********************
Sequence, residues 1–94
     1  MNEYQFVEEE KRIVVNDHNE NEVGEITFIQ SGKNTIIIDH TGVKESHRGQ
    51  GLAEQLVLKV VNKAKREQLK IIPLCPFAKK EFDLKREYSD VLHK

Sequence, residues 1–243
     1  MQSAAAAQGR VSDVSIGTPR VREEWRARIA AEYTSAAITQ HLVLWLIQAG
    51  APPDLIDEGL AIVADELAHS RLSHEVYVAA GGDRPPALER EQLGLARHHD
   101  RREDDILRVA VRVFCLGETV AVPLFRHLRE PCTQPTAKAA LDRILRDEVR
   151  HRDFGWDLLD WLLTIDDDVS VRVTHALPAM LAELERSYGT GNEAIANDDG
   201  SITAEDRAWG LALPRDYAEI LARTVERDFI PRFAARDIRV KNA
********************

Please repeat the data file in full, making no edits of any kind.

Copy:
Sequence, residues 1–94
     1  MNEYQFVEEE KRIVVNDHNE NEVGEITFIQ SGKNTIIIDH TGVKESHRGQ
    51  GLAEQLVLKV VNKAKREQLK IIPLCPFAKK EFDLKREYSD VLHK

Sequence, residues 1–243
     1  MQSAAAAQGR VSDVSIGTPR VREEWRARIA AEYTSAAITQ HLVLWLIQAG
    51  APPDLIDEGL AIVADELAHS RLSHEVYVAA GGDRPPALER EQLGLARHHD
   101  RREDDILRVA VRVFCLGETV AVPLFRHLRE PCTQPTAKAA LDRILRDEVR
   151  HRDFGWDLLD WLLTIDDDVS VRVTHALPAM LAELERSYGT GNEAIANDDG
   201  SITAEDRAWG LALPRDYAEI LARTVERDFI PRFAARDIRV KNA